Information Technology Shared Services

Opening Statement to the Standing Committee on Public Accounts

Information Technology Shared Services

(Report 4—2015 Fall Reports of the Auditor General of Canada)

10 March 2016

Michael Ferguson, CPA, CA
FCA (New Brunswick)
Auditor General of Canada

Mr. Chair, thank you for this opportunity to discuss our Fall 2015 Report on Information Technology Shared Services. Joining me at the table is Martin Dompierre, the Principal who was responsible for the audit.

This audit examined whether Shared Services Canada had made progress in implementing key elements of its transformation plan and maintained the operations of existing services. Specifically, the audit focused on Shared Services Canada’s objectives of improving services, enhancing IT security, and generating savings. We also looked at how the Treasury Board of Canada Secretariat assisted and provided governance and leadership on the strategic vision for Shared Services Canada and how it fits into the government IT landscape.

As part of the audit, we consulted seven federal government departments and agencies to get an understanding of how they viewed their collaboration with Shared Services Canada.

Our 2010 audit report on Aging Information Technology Systems indicated that the federal government infrastructure was aging and at risk of breaking down. In turn, this could affect the government’s ability to deliver some essential services to Canadians. The report recommended that a plan be developed for the government as a whole to mitigate risks associated with aging IT systems on a sustainable basis.

In August 2011, the government announced the creation of Shared Services Canada as a new department to manage and transform the IT infrastructure of 43 individual departments, including servers, data centres, human resources, and IT budgets. The IT infrastructure included 485 data centres, 50 networks, and about 23,400 servers.

In 2013, Shared Services Canada developed a seven-year transformation plan to consolidate, standardize, and modernize the Government of Canada email, data centres, and network services. Shared Services Canada committed to maintain and improve the level of IT services and security during the transformation.

Overall, we found that there were weaknesses in Shared Services Canada’s implementation of government IT shared services to date, specifically in managing service expectations with its partners and in measuring and tracking progress on transformation initiatives and savings.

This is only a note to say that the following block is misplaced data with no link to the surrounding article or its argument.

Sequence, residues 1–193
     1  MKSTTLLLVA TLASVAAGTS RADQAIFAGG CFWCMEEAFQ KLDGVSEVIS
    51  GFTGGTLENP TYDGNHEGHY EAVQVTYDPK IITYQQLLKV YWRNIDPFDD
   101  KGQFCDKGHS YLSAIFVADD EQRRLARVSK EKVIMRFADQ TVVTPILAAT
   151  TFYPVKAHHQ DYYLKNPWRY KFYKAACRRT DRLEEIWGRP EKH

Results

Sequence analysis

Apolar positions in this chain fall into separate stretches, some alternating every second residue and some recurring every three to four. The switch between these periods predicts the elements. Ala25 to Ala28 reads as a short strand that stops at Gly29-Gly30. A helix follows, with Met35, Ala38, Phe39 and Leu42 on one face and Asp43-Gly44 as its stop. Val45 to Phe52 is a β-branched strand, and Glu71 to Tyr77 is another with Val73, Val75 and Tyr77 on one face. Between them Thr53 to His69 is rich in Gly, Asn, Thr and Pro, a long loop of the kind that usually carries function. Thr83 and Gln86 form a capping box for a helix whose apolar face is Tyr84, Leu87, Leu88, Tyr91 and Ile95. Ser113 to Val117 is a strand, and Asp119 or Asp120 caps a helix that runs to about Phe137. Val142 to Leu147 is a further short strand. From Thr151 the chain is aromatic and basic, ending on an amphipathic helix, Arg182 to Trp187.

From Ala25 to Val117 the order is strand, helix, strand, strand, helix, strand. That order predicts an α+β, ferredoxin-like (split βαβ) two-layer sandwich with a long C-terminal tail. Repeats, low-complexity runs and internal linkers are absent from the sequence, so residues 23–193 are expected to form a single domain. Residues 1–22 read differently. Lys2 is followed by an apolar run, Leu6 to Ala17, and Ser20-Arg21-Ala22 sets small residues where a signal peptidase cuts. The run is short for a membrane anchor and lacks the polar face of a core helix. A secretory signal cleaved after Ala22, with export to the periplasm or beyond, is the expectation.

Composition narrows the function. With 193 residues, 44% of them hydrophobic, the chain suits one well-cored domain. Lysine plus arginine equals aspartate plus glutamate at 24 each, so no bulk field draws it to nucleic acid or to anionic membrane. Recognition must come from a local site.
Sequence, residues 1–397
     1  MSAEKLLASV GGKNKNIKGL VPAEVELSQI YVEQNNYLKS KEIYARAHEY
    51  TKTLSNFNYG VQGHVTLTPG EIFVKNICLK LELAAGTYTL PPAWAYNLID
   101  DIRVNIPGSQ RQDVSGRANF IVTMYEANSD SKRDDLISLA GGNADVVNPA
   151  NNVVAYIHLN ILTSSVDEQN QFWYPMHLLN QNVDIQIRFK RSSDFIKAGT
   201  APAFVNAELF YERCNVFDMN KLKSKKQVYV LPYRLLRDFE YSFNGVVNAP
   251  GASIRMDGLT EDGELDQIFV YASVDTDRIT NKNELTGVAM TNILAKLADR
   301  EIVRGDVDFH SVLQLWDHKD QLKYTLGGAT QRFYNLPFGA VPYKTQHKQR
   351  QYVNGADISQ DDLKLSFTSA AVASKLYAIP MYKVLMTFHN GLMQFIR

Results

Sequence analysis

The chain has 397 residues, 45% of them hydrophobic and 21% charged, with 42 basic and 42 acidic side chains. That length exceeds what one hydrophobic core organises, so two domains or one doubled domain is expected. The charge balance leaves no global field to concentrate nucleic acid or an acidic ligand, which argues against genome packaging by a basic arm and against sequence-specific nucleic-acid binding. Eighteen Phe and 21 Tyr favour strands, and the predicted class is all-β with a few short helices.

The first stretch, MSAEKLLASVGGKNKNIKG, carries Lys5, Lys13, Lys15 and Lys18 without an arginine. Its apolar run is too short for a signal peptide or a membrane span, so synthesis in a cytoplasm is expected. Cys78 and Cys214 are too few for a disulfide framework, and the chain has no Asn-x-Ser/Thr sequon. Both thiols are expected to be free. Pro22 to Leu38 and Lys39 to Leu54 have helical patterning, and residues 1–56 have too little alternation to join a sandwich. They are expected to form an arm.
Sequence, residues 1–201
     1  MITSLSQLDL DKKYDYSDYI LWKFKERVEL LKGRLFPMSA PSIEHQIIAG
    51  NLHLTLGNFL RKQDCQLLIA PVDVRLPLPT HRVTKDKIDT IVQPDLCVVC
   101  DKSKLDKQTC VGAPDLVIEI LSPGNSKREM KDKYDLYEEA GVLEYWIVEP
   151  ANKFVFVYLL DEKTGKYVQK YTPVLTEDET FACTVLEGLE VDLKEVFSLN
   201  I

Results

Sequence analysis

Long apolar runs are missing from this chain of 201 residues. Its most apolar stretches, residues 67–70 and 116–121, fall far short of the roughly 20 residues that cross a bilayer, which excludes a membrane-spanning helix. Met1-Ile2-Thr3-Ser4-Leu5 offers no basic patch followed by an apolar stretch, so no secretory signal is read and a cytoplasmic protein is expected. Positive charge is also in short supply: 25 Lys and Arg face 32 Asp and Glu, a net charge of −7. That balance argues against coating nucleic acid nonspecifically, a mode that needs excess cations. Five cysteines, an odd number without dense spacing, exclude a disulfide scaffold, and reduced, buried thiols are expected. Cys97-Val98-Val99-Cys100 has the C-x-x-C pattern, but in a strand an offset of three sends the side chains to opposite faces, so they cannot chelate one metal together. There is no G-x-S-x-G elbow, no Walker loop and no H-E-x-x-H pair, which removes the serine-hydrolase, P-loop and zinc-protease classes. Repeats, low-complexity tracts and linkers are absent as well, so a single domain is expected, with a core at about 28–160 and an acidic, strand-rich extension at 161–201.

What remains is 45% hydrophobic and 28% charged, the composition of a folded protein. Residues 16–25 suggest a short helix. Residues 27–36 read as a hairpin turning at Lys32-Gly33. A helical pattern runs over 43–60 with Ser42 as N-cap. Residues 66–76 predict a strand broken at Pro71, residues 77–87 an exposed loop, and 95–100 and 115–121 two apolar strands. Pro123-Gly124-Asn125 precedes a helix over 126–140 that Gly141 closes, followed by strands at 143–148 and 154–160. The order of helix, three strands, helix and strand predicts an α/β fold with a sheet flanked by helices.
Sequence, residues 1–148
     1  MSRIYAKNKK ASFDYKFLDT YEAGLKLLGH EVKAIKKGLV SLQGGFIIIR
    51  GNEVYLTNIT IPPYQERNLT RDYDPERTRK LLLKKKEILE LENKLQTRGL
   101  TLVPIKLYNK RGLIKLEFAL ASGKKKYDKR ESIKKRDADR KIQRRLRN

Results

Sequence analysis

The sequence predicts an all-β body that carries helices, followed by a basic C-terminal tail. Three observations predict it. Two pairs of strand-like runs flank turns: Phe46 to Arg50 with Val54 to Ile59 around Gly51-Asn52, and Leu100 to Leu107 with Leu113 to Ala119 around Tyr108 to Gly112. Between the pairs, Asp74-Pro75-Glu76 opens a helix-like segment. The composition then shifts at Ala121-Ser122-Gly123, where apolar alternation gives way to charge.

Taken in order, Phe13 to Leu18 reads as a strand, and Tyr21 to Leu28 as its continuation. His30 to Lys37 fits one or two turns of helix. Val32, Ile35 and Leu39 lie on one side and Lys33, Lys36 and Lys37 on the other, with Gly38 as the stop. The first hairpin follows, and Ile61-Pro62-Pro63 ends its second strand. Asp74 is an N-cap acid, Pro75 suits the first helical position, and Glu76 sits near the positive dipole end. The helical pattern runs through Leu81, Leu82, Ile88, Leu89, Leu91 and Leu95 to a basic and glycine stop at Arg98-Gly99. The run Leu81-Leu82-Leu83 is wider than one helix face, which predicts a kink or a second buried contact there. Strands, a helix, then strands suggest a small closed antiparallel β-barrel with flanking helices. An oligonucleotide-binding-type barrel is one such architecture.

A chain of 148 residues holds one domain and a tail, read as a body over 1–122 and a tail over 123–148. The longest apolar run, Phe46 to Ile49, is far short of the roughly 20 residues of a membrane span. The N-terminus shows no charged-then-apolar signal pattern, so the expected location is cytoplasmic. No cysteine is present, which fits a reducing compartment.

For example, we found that Shared Services Canada did not set clear and concrete expectations with its partner departments in providing IT infrastructure service to support their services and applications. As a result, it could not show if and how it was maintaining or improving services. This finding is important because Shared Services Canada needs to understand whether its services meet its partners’ needs. As the recipients of these services, Shared Services Canada’s partner departments need to have confidence that the levels of IT service they receive from Shared Services Canada adequately support their ability to deliver services to Canadians.

In addition, we found that Shared Services Canada rarely established expectations or provided sufficient information to partners on core elements of security. This is important because Shared Services Canada plays an important role in implementing Government of Canada security policies, directives, standards, and guidelines to ensure the security of government IT shared services. As the government’s IT infrastructure service provider, it is important that the Department collaborate with partners to manage security threats, risks, and incidents to help protect the government’s critical IT-related assets, information, and services.

Finally, we found that Shared Services Canada did not have consistent financial practices to accurately demonstrate that it was generating savings. For example, there was no standard costing methodology in place to determine savings and there were incomplete baselines to measure total savings generated. This finding matters because Shared Services Canada spends about $1.9 billion each year to deliver IT services to partners, invest in projects, and fund its operations.

As this audit is a mid-transition review of the Department’s progress in implementing key elements of the government’s IT transformation, our recommendations provide concrete opportunities to look at what has been done so far, and to identify needed adjustments.

Our report makes eight recommendations to Shared Services Canada and one to the Treasury Board of Canada Secretariat. Both entities have agreed with our recommendations.

Mr. Chair, this concludes my opening remarks. We would be pleased to answer any questions the Committee may have. Thank you.